I do not recall ever asking my publishers to tell -- to tell a newspaper I was angry. I -- this -- as you know, you told me I would be asked this question just shortly before we came into court, and I've been racking my brains as to what this refers to. I have no memory, ever, of complaining through my publishers to any newspaper. That's not the way I would complain to a newspaper. I would go to the PCC or I would go to a lawyer, I suppose, if it was something terrible.
Moreover, I have now read this article and I can't see that there's anything in here that I would have complained about. It seems to be largely factual. It's all information that I had already discussed in other interviews in the early part of my career as a published writer, so I cannot see why -- what I would have been angry about.
But then while racking my brains it occurred to me. In 1999, when the third Harry Potter book was about to be published, I did tell my publishers that I did not wish to do any press, and the reason for that was that the phenomenon, if I can call it that, had really taken off, the books were selling very, very fast. I don't absolutely love giving interviews. Obviously it depends on the circumstances, but it's not my very favourite thing, and I just felt that giving more press felt like overkill. So I said to them, "Can we not say the books are selling very well and not do a big marketing campaign?" They were very understanding of that and I did one interview, on Radio 4, with Jim Naughtie I think and some children.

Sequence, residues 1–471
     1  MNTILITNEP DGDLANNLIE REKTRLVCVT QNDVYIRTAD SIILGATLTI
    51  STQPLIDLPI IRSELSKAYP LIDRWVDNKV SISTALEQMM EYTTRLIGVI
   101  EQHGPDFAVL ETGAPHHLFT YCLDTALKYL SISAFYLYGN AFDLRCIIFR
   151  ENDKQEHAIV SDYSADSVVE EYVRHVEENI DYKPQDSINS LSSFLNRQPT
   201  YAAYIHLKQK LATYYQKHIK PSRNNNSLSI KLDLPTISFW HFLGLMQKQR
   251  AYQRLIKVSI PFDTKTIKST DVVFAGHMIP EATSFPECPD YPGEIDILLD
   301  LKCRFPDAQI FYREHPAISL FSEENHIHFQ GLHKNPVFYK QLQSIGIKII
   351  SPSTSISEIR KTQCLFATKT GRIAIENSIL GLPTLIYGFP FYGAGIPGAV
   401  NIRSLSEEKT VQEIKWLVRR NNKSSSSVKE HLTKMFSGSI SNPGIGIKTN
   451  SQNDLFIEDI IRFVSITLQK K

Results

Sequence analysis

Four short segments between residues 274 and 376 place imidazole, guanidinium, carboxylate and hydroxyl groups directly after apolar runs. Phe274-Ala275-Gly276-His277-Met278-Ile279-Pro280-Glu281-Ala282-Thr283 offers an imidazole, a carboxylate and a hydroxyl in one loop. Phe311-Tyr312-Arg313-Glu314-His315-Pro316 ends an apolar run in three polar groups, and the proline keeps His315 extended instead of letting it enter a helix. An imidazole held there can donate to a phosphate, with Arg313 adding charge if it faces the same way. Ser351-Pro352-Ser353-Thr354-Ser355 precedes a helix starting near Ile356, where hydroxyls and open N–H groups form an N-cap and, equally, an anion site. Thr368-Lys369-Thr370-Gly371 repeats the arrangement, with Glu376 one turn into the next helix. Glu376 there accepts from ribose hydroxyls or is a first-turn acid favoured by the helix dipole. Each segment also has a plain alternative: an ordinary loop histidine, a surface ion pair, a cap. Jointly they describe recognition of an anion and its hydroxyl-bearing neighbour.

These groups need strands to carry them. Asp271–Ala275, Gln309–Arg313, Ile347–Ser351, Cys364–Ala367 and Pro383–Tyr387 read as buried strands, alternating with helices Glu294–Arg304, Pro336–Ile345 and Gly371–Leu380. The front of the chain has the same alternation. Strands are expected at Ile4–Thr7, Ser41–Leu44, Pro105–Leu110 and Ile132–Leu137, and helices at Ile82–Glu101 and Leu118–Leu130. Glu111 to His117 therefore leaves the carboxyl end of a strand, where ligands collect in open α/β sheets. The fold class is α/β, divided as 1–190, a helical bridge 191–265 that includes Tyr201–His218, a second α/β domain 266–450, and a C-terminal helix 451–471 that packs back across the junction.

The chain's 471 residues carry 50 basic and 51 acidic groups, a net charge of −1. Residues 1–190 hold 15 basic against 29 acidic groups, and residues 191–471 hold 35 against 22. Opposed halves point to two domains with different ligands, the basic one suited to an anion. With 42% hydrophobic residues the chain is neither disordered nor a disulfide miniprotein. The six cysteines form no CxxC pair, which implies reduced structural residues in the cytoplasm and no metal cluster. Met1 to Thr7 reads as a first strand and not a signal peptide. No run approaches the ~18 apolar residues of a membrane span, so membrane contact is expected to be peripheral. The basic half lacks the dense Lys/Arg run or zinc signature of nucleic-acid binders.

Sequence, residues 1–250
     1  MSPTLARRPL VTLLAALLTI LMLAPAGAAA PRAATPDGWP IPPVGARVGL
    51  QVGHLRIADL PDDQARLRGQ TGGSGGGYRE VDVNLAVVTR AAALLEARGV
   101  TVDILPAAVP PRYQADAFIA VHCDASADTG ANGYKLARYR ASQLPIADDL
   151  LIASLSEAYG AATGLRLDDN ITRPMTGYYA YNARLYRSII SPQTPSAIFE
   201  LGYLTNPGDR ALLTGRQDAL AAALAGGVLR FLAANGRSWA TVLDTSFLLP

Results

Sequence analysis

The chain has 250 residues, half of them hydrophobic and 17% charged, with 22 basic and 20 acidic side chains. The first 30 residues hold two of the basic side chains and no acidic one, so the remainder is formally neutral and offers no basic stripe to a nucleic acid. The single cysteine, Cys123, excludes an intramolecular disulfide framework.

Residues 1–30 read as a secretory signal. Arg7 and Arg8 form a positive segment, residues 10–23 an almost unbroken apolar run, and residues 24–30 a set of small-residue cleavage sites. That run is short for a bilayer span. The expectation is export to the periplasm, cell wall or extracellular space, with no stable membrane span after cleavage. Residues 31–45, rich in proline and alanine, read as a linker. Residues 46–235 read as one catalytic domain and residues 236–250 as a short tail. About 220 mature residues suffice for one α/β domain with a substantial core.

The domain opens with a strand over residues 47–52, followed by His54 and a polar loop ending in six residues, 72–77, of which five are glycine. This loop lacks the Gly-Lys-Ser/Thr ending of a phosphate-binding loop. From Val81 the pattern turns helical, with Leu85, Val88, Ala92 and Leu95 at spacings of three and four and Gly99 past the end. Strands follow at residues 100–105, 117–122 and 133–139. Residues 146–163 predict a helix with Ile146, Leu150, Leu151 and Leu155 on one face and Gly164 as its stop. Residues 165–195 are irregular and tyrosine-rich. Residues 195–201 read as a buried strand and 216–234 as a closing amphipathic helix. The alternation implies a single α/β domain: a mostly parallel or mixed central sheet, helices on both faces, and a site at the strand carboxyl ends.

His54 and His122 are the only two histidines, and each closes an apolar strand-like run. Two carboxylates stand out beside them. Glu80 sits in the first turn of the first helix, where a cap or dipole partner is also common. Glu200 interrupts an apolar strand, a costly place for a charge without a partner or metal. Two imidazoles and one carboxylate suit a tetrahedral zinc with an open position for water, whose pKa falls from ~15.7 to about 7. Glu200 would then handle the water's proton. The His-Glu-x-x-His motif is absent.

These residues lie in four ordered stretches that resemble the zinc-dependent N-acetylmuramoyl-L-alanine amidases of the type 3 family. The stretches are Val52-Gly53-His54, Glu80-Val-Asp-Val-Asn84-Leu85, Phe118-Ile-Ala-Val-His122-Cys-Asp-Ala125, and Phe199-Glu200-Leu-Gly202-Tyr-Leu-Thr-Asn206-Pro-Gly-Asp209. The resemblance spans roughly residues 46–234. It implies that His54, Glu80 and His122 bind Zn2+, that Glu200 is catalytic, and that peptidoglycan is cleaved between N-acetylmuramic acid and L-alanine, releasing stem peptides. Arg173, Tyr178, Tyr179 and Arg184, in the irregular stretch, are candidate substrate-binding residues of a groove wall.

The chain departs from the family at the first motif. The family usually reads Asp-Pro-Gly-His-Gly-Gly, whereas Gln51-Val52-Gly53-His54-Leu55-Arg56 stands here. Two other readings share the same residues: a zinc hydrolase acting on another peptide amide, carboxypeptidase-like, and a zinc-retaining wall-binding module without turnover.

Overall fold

I think that what seems to have happened is that the Mail has published this article when I had not given them the interview at that time. However, I made no complaint about that. It may be that they -- it may be that someone at my publishers said to the Mail, "But she's not doing press", but I never gave instruction for a complaint to be made. So I'm slightly mystified.